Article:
Crazy, Stupid, Love
Steve Carell and Ryan Gosling lead an all-star cast in Crazy, Stupid, Love. Fortysomething straight-laced Cal Weaver (Carell) is living the dream—good job, nice house, great kids and marriage to his high school sweetheart, Emily (Julianne Moore). So when Cal learns that his wife has cheated on him and wants a divorce, his “perfect” life quickly unravels. Cal, who hasn't dated in decades, stands out as the epitome of un-smooth so handsome player Jacob Palmer (Gosling) takes him on as wingman and protégé, opening Cal’s eyes to the many options before him: flirty women, manly drinks and a sense of style. Despite Cal's makeover and his many new conquests, the one thing that can’t be made over is his heart, which seems to keep leading Cal back to where he began. Brimming with inspired performances, critics are calling this gem of a romantic comedy “a movie that understands love” (Owen Gleiberman, Entertainment Weekly).
Crazy, Stupid, Love is a romantic comedy with a big heart--a refreshing change from its Hangover-laden compatriots, and almost a throwback to a golden era of romance. For Crazy, Stupid, Love relies on the sharp writing by Dan Fogelman (animated hits like Bolt, Tangled) and the sparkly chemistry of its cast, led by Steve Carell, Ryan Gosling, Julianne Moore, and the emerging superstar Emma Stone. It's not that the plot is ground-breaking--maybe, in fact, the appeal of Crazy, Stupid, Love is that it's all too relatable. Cal (Carell) is long married to Emily (Moore), until one day she drops divorce on him, out of the blue. Stunned, Cal tries to reassemble his life as a woefully unprepared single guy. Enter Jacob (Gosling, who's never been better) as a happy bachelor whose tips for Cal will be ones that even the most happily wed female viewers will secretly want their mates to hear. Marisa Tomei has a hilarious turn as a temptress who's way out of Cal's league. And Stone is the fresh-faced, fearless young woman who shakes the confident Jacob's supposedly solid world view.
But it's the interplay between the characters, the true humanness of their emotions--long missing from many contemporary "romantic comedies"--that set Crazy, Stupid, Love in a class of its own. Moore is more than just the weary, accusatory neglected wife--someone who's never stopped believing in the spark of love. Gosling could easily be his generation's Cary Grant--assured, quick-witted, sly, yet vulnerable. Carell once again shows his dramatic capabilities on top of his impeccable comic timing. And Stone is a revelation, lovely, delicate, vulnerable but strong. Crazy, Stupid, Love will reaffirm the viewer's belief in all that's possible. Call us crazy. --A.T. Hurley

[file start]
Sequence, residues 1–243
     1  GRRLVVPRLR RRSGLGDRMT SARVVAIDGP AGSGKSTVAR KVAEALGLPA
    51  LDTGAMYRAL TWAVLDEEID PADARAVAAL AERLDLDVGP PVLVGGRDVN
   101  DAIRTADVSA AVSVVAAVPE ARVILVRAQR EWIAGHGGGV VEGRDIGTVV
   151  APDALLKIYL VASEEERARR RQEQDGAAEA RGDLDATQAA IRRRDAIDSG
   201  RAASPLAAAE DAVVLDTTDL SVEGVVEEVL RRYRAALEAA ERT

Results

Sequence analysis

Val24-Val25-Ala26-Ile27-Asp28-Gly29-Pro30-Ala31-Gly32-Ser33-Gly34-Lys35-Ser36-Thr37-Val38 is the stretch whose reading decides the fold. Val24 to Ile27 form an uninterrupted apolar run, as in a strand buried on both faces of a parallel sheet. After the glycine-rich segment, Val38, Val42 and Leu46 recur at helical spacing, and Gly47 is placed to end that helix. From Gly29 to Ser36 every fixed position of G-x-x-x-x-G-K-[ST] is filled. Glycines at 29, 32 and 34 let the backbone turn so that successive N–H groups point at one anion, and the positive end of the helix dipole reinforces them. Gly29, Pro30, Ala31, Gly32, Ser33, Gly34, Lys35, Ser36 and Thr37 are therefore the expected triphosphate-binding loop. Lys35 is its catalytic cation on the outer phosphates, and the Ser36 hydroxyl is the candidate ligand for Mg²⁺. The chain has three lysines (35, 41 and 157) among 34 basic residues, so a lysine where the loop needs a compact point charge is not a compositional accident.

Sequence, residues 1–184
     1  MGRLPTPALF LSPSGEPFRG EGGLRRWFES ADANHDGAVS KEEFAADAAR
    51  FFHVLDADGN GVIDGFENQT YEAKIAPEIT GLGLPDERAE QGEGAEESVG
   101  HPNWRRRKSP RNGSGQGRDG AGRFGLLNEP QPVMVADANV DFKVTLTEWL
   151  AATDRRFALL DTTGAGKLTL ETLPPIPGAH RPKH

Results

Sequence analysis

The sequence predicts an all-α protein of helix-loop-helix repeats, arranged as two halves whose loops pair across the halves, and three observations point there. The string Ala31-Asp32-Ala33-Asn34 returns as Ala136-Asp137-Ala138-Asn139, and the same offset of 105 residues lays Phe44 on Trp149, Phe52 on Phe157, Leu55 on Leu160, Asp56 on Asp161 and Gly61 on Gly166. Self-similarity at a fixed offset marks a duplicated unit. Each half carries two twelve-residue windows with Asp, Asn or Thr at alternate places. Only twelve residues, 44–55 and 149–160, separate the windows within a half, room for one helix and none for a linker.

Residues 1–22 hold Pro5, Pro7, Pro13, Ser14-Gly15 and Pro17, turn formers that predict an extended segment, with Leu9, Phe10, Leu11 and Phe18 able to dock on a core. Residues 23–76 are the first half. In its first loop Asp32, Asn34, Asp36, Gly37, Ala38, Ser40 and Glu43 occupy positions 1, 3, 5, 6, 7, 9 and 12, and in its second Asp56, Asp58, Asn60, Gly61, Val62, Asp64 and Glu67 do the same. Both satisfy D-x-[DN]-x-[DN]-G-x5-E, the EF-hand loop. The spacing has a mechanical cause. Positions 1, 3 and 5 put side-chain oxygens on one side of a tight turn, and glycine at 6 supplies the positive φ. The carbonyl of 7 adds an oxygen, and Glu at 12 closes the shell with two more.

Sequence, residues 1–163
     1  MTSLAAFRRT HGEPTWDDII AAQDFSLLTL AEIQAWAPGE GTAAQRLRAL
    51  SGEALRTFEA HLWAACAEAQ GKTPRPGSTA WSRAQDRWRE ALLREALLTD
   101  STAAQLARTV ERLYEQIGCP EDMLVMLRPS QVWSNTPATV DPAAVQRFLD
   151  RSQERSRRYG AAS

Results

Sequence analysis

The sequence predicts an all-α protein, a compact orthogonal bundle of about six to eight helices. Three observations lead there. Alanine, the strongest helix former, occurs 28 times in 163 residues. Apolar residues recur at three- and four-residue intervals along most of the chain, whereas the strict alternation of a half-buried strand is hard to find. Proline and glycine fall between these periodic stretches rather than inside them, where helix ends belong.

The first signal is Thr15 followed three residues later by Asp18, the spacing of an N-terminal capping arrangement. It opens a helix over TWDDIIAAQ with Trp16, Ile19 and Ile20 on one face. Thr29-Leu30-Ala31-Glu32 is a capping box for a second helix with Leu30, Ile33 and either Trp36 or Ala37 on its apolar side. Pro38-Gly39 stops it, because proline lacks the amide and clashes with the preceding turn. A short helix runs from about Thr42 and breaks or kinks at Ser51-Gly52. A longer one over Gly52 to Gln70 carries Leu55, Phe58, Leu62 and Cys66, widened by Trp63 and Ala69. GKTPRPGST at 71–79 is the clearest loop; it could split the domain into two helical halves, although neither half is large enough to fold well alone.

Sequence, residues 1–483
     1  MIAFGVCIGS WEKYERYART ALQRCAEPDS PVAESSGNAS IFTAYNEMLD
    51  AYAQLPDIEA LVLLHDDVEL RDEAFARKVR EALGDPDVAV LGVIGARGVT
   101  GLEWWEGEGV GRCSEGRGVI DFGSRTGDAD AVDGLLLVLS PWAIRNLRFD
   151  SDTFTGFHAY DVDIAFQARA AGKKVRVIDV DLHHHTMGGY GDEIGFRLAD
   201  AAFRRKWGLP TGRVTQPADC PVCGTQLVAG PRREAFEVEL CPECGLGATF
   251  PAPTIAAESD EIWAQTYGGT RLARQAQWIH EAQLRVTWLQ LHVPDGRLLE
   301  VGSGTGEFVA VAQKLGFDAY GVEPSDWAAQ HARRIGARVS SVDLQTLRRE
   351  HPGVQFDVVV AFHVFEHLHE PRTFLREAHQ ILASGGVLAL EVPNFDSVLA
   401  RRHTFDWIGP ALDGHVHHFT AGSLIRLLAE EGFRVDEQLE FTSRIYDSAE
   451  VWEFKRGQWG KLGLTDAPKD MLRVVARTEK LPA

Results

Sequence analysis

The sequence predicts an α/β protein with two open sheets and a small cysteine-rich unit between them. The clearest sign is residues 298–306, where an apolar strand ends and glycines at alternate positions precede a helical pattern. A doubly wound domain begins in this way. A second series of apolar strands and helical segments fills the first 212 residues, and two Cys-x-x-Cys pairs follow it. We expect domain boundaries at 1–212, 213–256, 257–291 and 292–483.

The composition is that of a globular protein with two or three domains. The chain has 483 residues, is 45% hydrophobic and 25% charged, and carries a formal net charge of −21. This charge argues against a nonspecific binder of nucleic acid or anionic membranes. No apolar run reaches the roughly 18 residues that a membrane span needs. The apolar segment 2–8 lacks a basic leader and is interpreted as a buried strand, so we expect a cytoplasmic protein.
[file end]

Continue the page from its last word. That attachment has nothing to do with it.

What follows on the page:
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And another aspect of this story that I appreciate is the fact that is was completely entertaining, without the need for raunchy, bawdy dialog or suggestions. Good stories don't need that garbage.
What I wasn't impressed with was all the fact that it was only rated PG-13.
There was a lot of sexual undertones and even some sexting (nothing was actually shown but you know what was there or what was meant to be there)
As a parent, I wouldn't want my kids watching this.
While this has all of that, there was much less of the squirming moments --- there were a lot of moments that could have been but the plot set up for them so well, you could understand why they went there and was not awkward or forced so you asked "why are they doing this? Is it just for lame laughs?"--- and a mercifully shorter downturn at the end than other comedies. The plot managed to surprise me at times and made me laugh a lot more at the just plain funny moments than I had in a long time with a movie.
While I could understand Julianne's character being conflicted and facing a mid-life crisis, at the same time, she was hard to like since wishy-washy is just plain hard to sympathise with no matter how justified. The romance of the film was largely Steve and Ryan's characters' bro-mance and helped carry a story where romantic love has been shown to be an uncertain thing. The story portrays no unrealistic promises, just leaves you with hope.
The X-ray trivia mentions that the film was almost named First Date; Crazy Stupid Love is really the perfect title.